4. Porno: This finger snapping song is very synthbased in a great way. As many of said, this one sounds like it could've been used in the Drive movie soundtrack. This is a really really sexy song. The sexiest song from the band. I mean the title already hinted at that though. Win gives some of his best vocal performances too. Honestly this one sounds like it was produced by Trent Reznor of Nine Inch Nails. That is a compliment! Great different song for the band. One of the best as well. 10/10
5. Afterlife: This is my new favorite song from the band. The dance beat and the U2 Achtung-Baby-esque guitars are amazing and catchy. The music video works so well too using clips from the classic movie "Black Orpheo", which I now need to see! The subject of this song is touchy and very emotional. The chorus is one of the best from the band. If I was in charge, this would be the next song of the year at the Grammys! I don't know what else to say. Just perfect and timeless. 11/10
6. Supersymmetry: The title sounds like something "Muse" would do. I had two feelings when I saw the 11 minute length of the song. I was excited for epicness, and I was also hesitant at having to sit back at a possibly boring track. I ended up somewhere in the middle of the two feelings. Luckily, this track is far from boring. In fact, its one of the more exciting songs from the band. Very beautiful vocals from both Win and Regine symmetrically. The song is very relaxing at the start with some 80s synths. The U2 inspired sound is also present. 3 minutes into the track it starts to pick up the beat and get more anthemic and gorgeous! The vocals also come to a halt turning the song into an instrumental the rest of the way. At first this might sound off putting considering the length of the song, but I promise you this is one of the best. Halfway in it seems to fade out, before slowly fading back in again. It takes a while but the song ends with the last 4 minutes or so being a spacey sound. It is said this is a hidden track, but I don't hear a real track. I just hear ambient spacey noises. I honestly wish they wouldn't have wasted all that time, but some will think its really artistic while many will call it annoying and pretentious to end the album this way. I think the first 5 minutes make up for the last part of the song. I do think if there were a movie based on the album that the spacey ending would fit well, but not for casual listeners. 10/10 strictly for the first part of the song.

So I may sound biased since I gave most of the songs on the album a perfect score, but I'm confident that this is one of the best albums released in the past 10 years. Some are saying this is Arcade Fires "OK Computer"/"Kid A". I somewhat agree. I might get a lot of disagreements for what I'm about to say, but I think this was much better than both of those Radiohead albums that seem to be brought up whenever an artist experiments nowadays. This is Arcade Fires "REFLEKTOR". This album has so many textures and layers that one will discover with each repeated listen. I already keep discovering new things in the songs I didn't hear before. As many have stated, the album does have a more dance-y feel to it. It works really well though. If there was any doubt that Arcade could surpass their "Suburbs" or "Funeral" album, this is the answer. This album is almost too good. This really is epic. At over 70 minutes long, you really have to get settled in to really enjoy the album, but its worth it. I won't be surprised if this album sweeps the next Grammy award season. This will be analyzed by critics for years as one of the milestone albums of the 2010s decade of music. Do yourself a favor and get this album if you like good music.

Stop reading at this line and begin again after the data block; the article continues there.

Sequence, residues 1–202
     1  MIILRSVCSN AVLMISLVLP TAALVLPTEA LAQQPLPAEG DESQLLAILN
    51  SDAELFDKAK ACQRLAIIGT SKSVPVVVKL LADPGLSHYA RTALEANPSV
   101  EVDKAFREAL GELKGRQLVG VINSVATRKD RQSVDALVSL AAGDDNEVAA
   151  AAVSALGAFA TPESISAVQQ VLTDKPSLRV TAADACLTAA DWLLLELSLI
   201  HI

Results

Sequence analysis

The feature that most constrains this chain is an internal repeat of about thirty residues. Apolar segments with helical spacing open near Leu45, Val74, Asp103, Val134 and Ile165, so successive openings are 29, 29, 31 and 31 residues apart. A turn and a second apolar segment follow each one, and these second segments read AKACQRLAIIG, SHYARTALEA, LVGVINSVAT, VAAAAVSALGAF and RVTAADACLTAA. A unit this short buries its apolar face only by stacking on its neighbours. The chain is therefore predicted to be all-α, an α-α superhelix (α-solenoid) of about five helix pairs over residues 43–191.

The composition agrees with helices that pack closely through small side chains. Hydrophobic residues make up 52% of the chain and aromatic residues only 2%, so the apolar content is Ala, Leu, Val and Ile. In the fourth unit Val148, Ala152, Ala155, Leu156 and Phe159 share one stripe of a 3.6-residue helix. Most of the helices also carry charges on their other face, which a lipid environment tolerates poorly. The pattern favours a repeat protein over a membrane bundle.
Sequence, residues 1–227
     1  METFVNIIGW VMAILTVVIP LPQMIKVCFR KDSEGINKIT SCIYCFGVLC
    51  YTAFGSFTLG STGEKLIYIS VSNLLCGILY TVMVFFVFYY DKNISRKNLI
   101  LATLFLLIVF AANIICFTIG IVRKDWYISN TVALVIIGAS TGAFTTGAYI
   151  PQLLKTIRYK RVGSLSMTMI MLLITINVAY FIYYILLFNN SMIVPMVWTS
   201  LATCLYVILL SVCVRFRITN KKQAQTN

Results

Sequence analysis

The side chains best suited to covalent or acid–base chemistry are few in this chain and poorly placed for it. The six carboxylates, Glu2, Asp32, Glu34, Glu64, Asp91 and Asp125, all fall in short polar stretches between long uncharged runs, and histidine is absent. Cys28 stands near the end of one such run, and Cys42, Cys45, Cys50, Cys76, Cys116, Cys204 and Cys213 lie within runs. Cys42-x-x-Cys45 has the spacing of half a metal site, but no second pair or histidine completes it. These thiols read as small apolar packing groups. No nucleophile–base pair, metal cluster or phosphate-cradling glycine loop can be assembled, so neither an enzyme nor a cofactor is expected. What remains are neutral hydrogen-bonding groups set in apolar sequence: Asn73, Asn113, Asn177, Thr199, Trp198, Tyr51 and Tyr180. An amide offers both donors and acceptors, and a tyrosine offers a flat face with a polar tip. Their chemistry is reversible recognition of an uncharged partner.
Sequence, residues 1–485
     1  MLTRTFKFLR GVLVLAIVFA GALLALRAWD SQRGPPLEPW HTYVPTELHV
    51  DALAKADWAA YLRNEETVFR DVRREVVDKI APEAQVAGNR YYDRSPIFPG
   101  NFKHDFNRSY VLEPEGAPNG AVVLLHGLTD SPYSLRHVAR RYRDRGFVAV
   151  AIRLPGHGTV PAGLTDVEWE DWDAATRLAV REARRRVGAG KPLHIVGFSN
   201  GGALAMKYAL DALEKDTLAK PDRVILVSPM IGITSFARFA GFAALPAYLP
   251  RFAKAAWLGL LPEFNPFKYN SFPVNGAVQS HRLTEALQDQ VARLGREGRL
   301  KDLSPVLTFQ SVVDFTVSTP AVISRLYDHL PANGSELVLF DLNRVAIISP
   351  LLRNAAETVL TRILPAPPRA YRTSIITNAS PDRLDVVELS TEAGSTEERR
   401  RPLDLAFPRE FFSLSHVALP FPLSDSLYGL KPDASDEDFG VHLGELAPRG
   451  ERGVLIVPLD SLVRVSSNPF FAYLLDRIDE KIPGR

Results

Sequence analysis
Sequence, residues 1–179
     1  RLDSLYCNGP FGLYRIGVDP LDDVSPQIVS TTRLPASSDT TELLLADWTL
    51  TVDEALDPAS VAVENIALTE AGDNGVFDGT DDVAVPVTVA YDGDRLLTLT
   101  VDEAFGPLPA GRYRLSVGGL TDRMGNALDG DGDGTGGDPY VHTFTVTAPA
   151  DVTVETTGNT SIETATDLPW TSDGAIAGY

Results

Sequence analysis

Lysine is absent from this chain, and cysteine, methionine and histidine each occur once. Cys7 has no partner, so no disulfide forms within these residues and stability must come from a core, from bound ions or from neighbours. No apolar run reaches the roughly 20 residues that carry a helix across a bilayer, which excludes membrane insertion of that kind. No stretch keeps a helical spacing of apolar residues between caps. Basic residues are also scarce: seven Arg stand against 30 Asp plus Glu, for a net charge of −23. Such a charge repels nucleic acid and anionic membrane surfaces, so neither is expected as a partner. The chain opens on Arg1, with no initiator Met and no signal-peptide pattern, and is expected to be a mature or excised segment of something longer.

P.S. For those of you who didn't know, there is a hidden track in the beginning of the album. Rewind past the beginning of track 1 and you will be treated to a 10 minute treat that I'm sure many of you will enjoy.
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62 of 84 people found the following review helpful
on October 29, 2013
Writing a review for Arcade Fire's latest has been a daunting task; on one hand you have the Greek myth of Orpheus that much of the lyrical content in Reflektor centers around and very quickly an album review becomes an undergraduate lesson in Greek mythology and its underlying influence on Western culture. On the other? The expansive and impressive array of instruments, recording techniques, vocal harmonies, and blissful bombardment of melodic tone that pervades throughout the entire album. The end result is Reflektor, the fourth studio album by Montreal based Arcade Fire that transcends genre and medium; an amalgamation of music and literature that enjoyably educates the senses whilst providing relaxation and reflection. Simply put, one of the best albums I've ever heard.